The gods of Plato

In the Republic, where Plato develops his soul - city analogy, Plato never mentions that the three parts of the soul correspond to the three main goddesses that Homer talks about. They have the same roots, though. Gods and Goddesses can not only convince individuals to obey them, groups and whole communities can be under their influence. In the Laws he goes a bit deeper into the theory of how he sees the gods. He calls it (or them) soul (Psychē), the soul of the world.

Plato Laws X, 891C-: a summary

This is beyond Homer of course but the kinship should be clear. Plato does not mention gods but he talks about what moves us mentally. These are things 'of the soul', the immaterial active principles, the ideas, that underlie everything. We are talking here about forces or we should rather say powers. In the previous page we saw the domains of these powers. Homer makes it clear that they can act on both individuals and groups such as communities or armies. It should also be clear that the Greek gods move us as well as what we call the natural world (stars, planets, the weather etc.). Homer is interested mostly in their acting on humans. The Greeks distinguished a number of distinct 'specialized' powers which tell us what to do if they so choose. They also anthropomorphised those powers. They are beyond our control - we can only pray to them, put our faith in them, but they remain unpredictable. But if they do speak to us, we had better obey. For the creation of one out of three - in European thought(1) - we have to thank - or blame - one man in particular: Plato. He philosophically merged the three main goddesses into one and tried to cleanse them of the worldly muddiness and very human partiality that they show in Homer. Plato's gods cannot be swayed by prayer or gifts and they are absolutely good; see above: the bad has been split off. Thus he paved the way for the monotheism that was to come, though he himself does not completely go there.
Plato develops this into his theories of the three parts of the human soul, and the three classes of people: the desiring class, i.e. the common people or 'money-earners', the aristocracy or guardians and the reasonable part, the ruler(s) or philosopher-kings.

Below is a visualization of the theory. It is somewhat simplified compared to the examples in Plato's writings but I believe this is his point. See e.g. Rep. 433B and the Philebus dialogue.

Homer's gods


Plato's Good

Olympic hierarchy
Zeus is supposed to be in charge, but is he? He boasts of being stronger than all the other gods together but appears to avoid putting it to the test.
Hera his wife is number two with a bullet,
Athena is third though the most effective of the lot,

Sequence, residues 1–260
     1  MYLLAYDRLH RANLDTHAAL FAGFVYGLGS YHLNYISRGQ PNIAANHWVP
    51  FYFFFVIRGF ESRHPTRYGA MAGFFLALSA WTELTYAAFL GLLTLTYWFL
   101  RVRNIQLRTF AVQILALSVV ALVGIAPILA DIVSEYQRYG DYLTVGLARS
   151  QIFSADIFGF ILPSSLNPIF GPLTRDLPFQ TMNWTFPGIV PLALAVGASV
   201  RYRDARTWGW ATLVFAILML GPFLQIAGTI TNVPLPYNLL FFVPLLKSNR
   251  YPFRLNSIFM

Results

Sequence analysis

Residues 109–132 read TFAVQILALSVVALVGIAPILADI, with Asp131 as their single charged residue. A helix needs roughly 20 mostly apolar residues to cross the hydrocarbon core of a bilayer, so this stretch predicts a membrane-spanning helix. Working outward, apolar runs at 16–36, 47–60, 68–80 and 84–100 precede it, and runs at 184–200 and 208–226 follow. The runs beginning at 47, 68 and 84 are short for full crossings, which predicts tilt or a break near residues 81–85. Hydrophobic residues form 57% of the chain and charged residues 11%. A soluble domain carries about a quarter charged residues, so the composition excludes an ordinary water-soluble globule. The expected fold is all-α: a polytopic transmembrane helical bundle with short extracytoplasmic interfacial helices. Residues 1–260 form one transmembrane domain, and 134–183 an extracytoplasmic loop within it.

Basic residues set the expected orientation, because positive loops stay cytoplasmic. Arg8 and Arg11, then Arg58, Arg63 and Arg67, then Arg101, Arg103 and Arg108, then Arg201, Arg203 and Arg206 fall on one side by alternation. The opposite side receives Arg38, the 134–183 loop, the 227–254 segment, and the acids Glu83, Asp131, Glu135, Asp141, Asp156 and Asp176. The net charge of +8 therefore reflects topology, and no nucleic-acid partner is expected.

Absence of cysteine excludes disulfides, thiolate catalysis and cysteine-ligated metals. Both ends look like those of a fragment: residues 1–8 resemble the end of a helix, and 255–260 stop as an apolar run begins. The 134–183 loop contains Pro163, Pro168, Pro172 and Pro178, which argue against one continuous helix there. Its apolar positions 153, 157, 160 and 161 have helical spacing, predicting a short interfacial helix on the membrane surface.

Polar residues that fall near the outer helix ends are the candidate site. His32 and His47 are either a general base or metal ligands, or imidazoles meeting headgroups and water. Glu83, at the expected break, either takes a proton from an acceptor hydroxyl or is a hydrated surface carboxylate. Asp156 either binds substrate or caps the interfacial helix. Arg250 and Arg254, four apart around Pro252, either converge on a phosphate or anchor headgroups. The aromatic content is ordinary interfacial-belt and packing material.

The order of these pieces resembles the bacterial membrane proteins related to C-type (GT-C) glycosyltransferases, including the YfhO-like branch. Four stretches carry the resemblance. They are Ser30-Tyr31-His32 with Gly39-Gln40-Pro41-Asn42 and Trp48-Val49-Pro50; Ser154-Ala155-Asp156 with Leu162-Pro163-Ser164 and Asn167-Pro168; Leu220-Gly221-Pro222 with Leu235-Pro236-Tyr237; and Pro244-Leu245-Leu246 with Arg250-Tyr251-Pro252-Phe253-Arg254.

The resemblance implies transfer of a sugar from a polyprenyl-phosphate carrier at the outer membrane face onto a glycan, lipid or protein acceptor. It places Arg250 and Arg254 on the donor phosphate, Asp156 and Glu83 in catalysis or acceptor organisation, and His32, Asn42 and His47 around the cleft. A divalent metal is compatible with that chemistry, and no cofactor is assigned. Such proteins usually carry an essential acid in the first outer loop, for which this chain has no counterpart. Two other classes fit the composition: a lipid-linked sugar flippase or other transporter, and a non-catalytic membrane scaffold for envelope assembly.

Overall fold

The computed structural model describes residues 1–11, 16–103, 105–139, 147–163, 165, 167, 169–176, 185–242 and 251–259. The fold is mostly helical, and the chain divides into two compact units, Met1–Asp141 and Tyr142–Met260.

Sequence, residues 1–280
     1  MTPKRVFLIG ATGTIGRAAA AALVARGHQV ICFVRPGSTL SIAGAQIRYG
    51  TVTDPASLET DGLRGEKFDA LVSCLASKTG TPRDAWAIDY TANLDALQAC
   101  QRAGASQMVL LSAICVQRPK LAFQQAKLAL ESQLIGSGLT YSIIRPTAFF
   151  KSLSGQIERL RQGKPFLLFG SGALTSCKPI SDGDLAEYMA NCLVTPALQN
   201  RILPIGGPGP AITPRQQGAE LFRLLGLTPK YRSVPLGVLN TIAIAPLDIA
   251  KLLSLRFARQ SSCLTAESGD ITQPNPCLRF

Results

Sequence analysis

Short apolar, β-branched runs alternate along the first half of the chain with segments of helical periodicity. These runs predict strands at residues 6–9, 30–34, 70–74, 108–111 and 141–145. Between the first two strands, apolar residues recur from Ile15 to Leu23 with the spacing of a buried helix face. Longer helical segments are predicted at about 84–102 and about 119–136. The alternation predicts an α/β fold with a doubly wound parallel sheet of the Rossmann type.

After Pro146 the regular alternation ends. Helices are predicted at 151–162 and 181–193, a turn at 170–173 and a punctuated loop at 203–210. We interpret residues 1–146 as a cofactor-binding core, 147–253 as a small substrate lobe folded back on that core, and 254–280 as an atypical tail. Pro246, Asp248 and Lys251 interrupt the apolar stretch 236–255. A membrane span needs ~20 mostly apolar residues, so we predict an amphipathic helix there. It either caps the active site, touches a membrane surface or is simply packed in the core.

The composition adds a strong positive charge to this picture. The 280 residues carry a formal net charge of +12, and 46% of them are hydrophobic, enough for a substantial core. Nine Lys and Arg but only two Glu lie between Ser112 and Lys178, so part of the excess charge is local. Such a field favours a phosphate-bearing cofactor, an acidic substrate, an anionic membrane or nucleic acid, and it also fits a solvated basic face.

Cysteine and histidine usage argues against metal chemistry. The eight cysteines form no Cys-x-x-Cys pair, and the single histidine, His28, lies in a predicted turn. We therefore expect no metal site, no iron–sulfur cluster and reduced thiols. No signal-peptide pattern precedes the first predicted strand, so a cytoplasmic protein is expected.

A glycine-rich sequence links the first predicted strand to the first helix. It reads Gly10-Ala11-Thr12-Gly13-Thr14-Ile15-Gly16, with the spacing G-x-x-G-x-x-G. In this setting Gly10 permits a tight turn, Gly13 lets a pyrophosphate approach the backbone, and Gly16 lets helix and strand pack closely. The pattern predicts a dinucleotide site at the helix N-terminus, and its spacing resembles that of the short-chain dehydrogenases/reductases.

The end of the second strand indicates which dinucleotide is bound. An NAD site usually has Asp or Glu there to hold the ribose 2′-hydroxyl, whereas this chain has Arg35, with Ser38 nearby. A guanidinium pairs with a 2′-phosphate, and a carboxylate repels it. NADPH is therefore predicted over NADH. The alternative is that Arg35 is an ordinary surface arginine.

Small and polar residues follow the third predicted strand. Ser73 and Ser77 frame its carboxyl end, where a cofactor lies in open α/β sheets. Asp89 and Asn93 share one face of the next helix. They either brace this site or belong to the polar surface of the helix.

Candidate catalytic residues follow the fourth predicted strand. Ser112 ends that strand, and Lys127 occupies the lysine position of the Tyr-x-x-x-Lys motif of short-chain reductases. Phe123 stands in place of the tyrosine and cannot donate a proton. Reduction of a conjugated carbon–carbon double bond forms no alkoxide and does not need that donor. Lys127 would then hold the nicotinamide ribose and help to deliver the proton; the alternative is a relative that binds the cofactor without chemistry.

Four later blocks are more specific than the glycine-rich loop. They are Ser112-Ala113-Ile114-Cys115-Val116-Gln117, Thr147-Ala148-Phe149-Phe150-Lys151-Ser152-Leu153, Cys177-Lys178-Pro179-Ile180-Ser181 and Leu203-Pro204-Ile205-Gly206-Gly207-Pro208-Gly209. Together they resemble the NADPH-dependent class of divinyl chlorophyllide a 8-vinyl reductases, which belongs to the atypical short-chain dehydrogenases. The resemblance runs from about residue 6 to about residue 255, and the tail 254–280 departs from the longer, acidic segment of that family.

Aphrodite is fourth, though sometimes stronger than Zeus himself.

Plato's view of the Absolute Good

The solid red part is our Nomos, its border is Sophrosyne (moderation)

Homer's gods have been explained (hopefully) on the previous page. Plato's view he gives in The Republic and other dialogues. A complete treatment of these would be too much (even supposing I could do it): read those works yourself. We will summarize them by starting at the end and working back to Plato's starting question in the Republic: what is Justice?

Plato has an Idea

Plato purifies and objectifies the three main goddesses with a view to building his kallipolis. Why did he not clean Zeus of his subjectivity?
This turns out to be easier said than done. How do human beings create an objective Justice? A partial answer is 'the law' and he goes that way in his later work. But with or without law, we still have to do the judging and - see above - we are not equipped for that. Perhaps if we become true philosophers, if such creatures exist. Plato knows this very well, it must be why he creates one of his 'noble lies': there will be justice after death. This theory has the advantages that no one can check it and that people who believe in it may behave better in this life. Philosophically I think it is a chutzpah: "we cannot have it here but believe me, the miscreants will pay for it after death ( don't interfere!)."

Note that there is some level-confusion about Sophrosyne (moderation)(1). In the text of Rep. 433B he uses the word as a limit only of the sensual desires, Aphrodite or the desiring part of the city. In other places (e.g. Charm 161B) he defines it the way Justice is defined here: doing one's own thing. In the picture above, moderation is the limit of the intersection of the three domains. This means, in Plato's view: Moderation is Justice. So what we have here is a bound Kronos: all gods in one but bound by moderation. Zeus has disappeared.

Here he says that if we have found our "σωφροσύνης καὶ ἀνδρείας καὶ φρονήσεως", i.e. moderation, courage and prudence (the tamed versions of B, G and T) then what we have left is Justice. In other words: if an act is all three of these, then it must also be just.

  1. Monotheism already existed of course in the Jewish faith. I have not studied this, so I will keep silent about relations, if any, between "Jerusalem and Athens" in this respect.
  2. Just as there is about the Good: There is the lower Good: e.g. a good man (andreia) and there is the higher Good: the Absolute Good which is the intersection of G, T and B (bound by sophrosyne) which is the source of everything.